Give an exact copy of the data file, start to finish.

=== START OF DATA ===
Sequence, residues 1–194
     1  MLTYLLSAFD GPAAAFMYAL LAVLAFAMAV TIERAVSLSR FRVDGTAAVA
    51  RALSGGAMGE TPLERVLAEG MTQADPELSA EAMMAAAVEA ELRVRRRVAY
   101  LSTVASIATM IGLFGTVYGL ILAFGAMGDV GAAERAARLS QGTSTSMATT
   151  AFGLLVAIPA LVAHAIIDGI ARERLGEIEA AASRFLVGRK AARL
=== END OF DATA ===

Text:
Sequence, residues 1–194
     1  MLTYLLSAFD GPAAAFMYAL LAVLAFAMAV TIERAVSLSR FRVDGTAAVA
    51  RALSGGAMGE TPLERVLAEG MTQADPELSA EAMMAAAVEA ELRVRRRVAY
   101  LSTVASIATM IGLFGTVYGL ILAFGAMGDV GAAERAARLS QGTSTSMATT
   151  AFGLLVAIPA LVAHAIIDGI ARERLGEIEA AASRFLVGRK AARL